• 2014: The number of wind turbines installed in the UK shot up again by 12%, with the German company Siemens choosing to invest over £200 million in UK renewable off-shore wind energy.
  • 2018: Scottish Power becomes the first energy company in the UK to switch to 100% renewable energy, with most of it provided by wind farms.

British wind power capacity then continued to increase over the following years, with the overall percentage of the nation’s electricity powered by wind growing from 1.5% in 2007 to 17% in 2017. This growth also shows no signs of stopping, with Scotland’s onshore wind capacity to more than double by 2030, producing 20 Gigawatts of electricity.

However, this progress certainly isn’t contained to just the UK. Today and moving forwards, the worldwide renewable wind energy industry is still notably rising, primarily due to heightened demand for sustainable energy and substantial technological advancements, which have made reliable and effective wind energy more attainable.

What’s more, this progress is apparent across different sectors, both business and governmental. In the US, by the end of 2017, 117 major companies had pledged to source 100% of their power from renewable resources, whilst 170 mayors had also fully committed to ‘going green’, vowing to use 100% renewable energy in their city/town.

A wind turbine near a town.

Effect of Vibrations and Noise from Wind Farms

Despite the rising popularity of wind power and the substantial development of the renewable energy industry in recent years, wind turbines are not faultless and do present some major issues. The two most notable concerns are the levels of noise from wind farms and the frequent wear and tear of components, both of which stem from vibrations.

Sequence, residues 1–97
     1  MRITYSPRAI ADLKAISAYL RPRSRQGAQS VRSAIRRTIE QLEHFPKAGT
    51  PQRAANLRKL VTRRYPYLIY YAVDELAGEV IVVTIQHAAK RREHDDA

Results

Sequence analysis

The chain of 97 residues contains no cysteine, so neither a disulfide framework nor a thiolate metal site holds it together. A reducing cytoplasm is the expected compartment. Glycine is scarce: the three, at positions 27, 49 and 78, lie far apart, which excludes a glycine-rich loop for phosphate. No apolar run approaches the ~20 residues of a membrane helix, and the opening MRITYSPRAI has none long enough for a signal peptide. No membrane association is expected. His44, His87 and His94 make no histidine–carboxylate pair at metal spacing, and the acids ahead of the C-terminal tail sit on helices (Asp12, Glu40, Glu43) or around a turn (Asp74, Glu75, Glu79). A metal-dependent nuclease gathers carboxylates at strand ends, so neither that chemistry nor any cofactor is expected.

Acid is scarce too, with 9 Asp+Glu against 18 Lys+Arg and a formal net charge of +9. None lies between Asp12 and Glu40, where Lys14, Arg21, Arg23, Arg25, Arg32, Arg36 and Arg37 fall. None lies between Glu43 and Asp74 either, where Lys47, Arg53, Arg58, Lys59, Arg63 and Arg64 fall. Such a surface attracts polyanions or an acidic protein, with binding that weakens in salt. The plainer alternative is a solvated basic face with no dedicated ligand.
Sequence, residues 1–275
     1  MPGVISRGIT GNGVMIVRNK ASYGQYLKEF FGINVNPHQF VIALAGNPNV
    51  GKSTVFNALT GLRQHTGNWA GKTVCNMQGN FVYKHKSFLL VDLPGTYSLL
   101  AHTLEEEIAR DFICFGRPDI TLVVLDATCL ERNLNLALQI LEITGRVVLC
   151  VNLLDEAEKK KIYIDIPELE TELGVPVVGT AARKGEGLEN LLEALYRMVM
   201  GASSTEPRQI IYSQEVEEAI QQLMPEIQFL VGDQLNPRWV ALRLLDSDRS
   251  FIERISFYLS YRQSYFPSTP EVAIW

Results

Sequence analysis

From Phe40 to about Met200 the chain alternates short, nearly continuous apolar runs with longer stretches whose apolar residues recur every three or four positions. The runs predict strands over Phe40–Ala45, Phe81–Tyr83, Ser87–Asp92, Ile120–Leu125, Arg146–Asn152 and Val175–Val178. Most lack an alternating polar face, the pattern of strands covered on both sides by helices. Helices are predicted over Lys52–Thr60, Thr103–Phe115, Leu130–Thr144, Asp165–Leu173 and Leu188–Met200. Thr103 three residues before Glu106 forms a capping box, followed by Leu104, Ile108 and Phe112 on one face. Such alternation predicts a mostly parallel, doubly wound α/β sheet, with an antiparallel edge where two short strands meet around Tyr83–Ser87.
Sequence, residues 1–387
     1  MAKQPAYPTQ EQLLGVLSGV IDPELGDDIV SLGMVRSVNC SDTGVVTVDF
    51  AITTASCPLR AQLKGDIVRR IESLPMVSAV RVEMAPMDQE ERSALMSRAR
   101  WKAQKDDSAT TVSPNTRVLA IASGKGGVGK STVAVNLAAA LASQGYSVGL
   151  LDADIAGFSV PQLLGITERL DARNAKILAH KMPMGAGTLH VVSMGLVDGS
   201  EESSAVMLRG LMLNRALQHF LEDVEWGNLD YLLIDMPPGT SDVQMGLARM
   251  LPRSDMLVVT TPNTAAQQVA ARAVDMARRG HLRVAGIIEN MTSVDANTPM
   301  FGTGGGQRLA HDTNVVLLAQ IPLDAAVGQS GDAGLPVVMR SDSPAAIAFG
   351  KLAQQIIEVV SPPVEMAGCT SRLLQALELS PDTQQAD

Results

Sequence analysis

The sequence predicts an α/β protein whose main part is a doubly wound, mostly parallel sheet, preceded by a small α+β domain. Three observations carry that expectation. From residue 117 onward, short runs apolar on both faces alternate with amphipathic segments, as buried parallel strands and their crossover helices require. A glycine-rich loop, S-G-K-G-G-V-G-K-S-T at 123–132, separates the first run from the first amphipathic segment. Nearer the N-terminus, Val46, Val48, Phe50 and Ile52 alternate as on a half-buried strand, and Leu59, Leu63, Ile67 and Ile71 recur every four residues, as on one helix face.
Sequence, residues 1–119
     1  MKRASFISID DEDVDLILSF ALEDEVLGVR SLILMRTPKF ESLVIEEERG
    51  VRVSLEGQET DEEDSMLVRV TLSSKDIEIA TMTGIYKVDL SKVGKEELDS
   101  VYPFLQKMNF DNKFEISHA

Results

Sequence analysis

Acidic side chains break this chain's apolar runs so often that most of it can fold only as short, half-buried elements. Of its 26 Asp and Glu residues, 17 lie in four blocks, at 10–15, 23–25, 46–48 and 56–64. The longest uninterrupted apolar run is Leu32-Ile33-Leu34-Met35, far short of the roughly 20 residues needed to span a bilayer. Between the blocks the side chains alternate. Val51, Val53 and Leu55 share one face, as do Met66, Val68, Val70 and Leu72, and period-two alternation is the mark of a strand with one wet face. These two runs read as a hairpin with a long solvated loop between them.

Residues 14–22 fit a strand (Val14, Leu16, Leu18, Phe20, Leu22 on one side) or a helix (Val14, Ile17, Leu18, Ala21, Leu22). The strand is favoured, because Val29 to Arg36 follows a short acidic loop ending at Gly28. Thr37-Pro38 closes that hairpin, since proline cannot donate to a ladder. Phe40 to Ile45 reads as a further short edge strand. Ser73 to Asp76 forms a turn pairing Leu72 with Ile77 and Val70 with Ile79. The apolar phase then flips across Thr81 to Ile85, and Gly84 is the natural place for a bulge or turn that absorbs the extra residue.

Do Wind Farms Cause Health Problems?

One of the biggest problems facing wind energy is the resistance to on-shore wind farms due to noise pollution for local residents.

Noise from wind farms has been shown to affect nearby individuals with something known as ‘wind turbine syndrome’, where residents living close to on-shore wind farms report health problems including headaches, nausea and struggling with concentration and memory.

Modern wind turbines are, in fact, very quiet, particularly if the correct anti-vibration equipment is employed to ensure that they run smoothly.


At GMT, we are leaders in the field of vibration isolation and rubber-to-metal bonding across several industries in which these components are key, from railways to renewable power generation. Please see our site for a full list of the anti-vibration mounts we stock, as well as for further information on the different types of anti-vibration mounts and their uses, including how these can serve your renewable energy needs.

If you require any further information on wind turbine noise reduction, or assistance with purchasing anti-vibration equipment, please don’t hesitate to contact us today.